It’s important to remember that as excited as you may be to start your trip, you should not exhaust yourself with physical activity on the first day or so. Ending day one with tired legs, a sunburnt face, and blistered feet is bad for your health and your mood. Space out physical activities throughout your trip. Your body will thank you.

When putting on and taking off shoes, make sure to give your feet and lower legs a thorough examination. Look for red spots, discoloration or indentation, and dry or broken skin. Try to elevate your legs after a long day of walking to reduce any swelling.

Choose your treats. It can be easy to go overboard with heavy or sugary foods while on vacation. Though you should treat yourself sometimes, if that sometimes is every meal, you won’t feel so good after a while. Choose one or two items to indulge in per day, or follow doctor recommendations, and plan your other food intake accordingly. Cruises can make this especially difficult with their endless buffets, but there are ways around the temptation. Try ordering a la carte or from a smaller food location on the ship. If you are not on a cruise but your food will come from restaurants, take a look at menus before you go to make sure there is something that you’ll enjoy, but that won’t throw you far off your plan. These options are likely to include more fresh foods, which in many cases means local foods, so you may even get a more authentic experience by eating at restaurants that better cater to your needs. Finding healthy, fresh food wherever you are can be a fun challenge to incorporate into your trip.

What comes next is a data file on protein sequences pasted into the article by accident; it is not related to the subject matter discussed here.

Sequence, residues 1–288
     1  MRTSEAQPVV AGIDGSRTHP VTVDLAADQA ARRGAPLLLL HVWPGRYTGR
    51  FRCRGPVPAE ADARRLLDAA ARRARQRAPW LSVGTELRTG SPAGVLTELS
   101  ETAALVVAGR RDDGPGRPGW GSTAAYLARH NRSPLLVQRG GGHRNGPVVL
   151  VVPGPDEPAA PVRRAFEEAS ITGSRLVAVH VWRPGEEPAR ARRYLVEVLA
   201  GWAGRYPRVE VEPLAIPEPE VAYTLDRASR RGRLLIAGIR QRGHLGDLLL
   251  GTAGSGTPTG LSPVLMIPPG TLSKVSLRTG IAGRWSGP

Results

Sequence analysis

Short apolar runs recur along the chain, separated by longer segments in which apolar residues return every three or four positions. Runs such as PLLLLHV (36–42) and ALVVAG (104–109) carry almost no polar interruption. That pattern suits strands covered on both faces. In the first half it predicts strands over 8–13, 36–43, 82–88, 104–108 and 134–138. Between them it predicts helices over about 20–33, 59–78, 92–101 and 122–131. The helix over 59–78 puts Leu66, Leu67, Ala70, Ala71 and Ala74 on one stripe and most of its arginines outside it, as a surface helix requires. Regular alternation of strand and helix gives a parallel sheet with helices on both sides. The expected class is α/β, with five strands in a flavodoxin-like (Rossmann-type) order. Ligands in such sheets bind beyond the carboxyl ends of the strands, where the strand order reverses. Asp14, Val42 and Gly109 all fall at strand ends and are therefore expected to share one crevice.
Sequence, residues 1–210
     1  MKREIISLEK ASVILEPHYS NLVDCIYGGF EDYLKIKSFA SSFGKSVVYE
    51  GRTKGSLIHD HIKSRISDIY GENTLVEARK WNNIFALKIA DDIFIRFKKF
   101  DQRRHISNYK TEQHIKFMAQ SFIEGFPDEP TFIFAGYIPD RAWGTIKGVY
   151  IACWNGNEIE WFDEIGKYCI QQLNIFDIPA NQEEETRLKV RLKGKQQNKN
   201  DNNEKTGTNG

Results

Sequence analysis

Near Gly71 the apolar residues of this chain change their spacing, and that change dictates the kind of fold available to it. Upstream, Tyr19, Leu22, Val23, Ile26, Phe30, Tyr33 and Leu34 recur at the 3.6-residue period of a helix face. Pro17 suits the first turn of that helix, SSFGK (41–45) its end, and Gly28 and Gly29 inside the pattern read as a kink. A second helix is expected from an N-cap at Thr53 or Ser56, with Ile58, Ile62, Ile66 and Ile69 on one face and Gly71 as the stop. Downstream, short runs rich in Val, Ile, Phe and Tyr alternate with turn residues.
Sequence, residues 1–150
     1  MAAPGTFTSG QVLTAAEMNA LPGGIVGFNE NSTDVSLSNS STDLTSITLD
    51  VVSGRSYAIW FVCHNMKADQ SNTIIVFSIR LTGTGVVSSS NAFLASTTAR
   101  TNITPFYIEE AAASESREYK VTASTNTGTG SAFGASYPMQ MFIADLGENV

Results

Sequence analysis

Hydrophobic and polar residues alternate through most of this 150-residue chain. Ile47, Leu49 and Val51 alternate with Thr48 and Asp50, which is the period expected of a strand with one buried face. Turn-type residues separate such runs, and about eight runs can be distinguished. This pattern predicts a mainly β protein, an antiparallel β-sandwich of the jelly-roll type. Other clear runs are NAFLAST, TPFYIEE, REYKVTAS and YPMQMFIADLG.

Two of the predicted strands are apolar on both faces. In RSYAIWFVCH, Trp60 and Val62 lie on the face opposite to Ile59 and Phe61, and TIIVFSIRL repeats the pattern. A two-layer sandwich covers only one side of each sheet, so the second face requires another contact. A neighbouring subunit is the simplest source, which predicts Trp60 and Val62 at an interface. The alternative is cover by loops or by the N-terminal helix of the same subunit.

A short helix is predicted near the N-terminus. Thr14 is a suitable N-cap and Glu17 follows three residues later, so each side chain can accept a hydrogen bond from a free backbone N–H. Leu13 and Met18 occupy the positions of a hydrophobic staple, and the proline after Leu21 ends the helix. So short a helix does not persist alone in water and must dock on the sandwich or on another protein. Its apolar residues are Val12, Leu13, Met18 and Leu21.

Don’t panic if your blood sugar goes a bit out of range on the first few days of your trip. Treat highs and lows as instructed by your doctor, but know that it may take a day or two for your body to adjust. In the meantime, focus on taking care of yourself and having fun.

Diabetes doesn’t have to interrupt your travel plans. A bit of planning ahead will ensure that you can enjoy your trip while taking great care of your health. And if you need help with the packing, visit our store for high-quality, specially-designed socks for diabetics, so that you’re never slowed down by aching, swelling, or injured feet.